The “Sie” (Experts Section) was meant to sublabel “glossary” first, which seemed confusing too.
After discussing the wording we stick to a clear and understandable label, which meets the expectations of people.

Fig. 01: The four sections including sublabeling and colorcode when hovering

Fig. 02: The additional menu expanded
additinal menu


At a certain point, we prepared and ran a session with small in person usability tests with some polished Axure Prototypes. Therefore we recruited mostly in house test persons which had nothing to do with the project, which means they didn’t know it.

We prepared a small screening script and questionaire. The test persons were asked to think aloud while we gave them specific tasks within each section to solve, asked them what they’d think the purpose of the sections and site is in their opinion and what they think they could do here.
Then we integrated the test results in our next design iteration.

Question Sample: Hamburger Menu left or right?

One of the questions we tried to solve with the usability session affected the position of the additional hamburger menu.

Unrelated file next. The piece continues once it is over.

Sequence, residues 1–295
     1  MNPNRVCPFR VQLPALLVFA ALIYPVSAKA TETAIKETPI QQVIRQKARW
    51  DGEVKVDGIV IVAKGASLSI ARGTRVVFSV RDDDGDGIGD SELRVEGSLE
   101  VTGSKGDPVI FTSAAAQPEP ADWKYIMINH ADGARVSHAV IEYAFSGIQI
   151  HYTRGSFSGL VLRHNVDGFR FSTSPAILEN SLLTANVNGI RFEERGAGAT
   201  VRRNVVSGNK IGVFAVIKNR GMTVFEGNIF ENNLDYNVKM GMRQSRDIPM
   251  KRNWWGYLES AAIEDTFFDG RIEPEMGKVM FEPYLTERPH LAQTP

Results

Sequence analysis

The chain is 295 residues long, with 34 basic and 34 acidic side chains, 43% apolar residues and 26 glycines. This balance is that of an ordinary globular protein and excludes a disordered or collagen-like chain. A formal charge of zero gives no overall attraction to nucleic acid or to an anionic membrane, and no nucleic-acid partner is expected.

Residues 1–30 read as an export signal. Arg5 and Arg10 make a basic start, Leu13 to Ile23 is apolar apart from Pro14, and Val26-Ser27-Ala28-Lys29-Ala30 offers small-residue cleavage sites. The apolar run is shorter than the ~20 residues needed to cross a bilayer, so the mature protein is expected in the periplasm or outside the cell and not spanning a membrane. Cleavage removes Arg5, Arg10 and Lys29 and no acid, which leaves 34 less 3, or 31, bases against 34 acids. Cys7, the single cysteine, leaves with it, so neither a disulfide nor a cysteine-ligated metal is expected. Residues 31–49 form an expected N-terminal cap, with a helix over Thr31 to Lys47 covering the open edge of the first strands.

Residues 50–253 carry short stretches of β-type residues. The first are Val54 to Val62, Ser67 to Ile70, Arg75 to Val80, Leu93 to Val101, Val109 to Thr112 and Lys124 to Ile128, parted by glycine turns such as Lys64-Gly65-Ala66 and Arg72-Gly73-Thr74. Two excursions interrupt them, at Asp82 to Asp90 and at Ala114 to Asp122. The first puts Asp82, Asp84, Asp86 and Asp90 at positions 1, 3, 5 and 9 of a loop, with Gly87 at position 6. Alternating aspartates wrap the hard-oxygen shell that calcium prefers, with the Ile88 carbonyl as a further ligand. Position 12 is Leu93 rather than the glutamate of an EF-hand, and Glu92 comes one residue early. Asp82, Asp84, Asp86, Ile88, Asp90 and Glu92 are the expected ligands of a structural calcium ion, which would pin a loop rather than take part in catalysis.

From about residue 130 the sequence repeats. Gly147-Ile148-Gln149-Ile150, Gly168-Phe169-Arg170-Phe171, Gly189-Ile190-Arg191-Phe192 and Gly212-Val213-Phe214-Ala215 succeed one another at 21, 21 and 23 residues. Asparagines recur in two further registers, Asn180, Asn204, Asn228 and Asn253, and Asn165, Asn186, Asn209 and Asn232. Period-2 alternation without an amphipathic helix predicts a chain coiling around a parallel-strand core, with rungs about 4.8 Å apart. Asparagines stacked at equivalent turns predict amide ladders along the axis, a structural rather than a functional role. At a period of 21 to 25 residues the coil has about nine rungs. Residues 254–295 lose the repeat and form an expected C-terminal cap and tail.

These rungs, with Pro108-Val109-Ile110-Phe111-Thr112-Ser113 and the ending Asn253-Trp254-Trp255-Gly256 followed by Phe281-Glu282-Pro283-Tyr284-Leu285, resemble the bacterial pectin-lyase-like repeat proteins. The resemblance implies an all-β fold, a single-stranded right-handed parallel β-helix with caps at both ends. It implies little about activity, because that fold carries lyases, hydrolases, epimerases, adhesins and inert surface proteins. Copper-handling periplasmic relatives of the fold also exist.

The question came up due the fact that at the ‚Welt‘ mobile site the position of the menu is on the left site, so some of the team members were concerned if it will be confusing to place it on the other site for users, which would be coming from the welt website.

Fig. 03: Left: the position of the hamburger menu on the mobile ‘Welt’ website versus our position

On the other hand, placing the hamburger menu on the right side is more convenient – in terms of ergonomics – for users if we want to follow the design principle ‚designing for thumbs‘ – which is still, when you observe actual users interacting with a smartphone – a common usage pattern.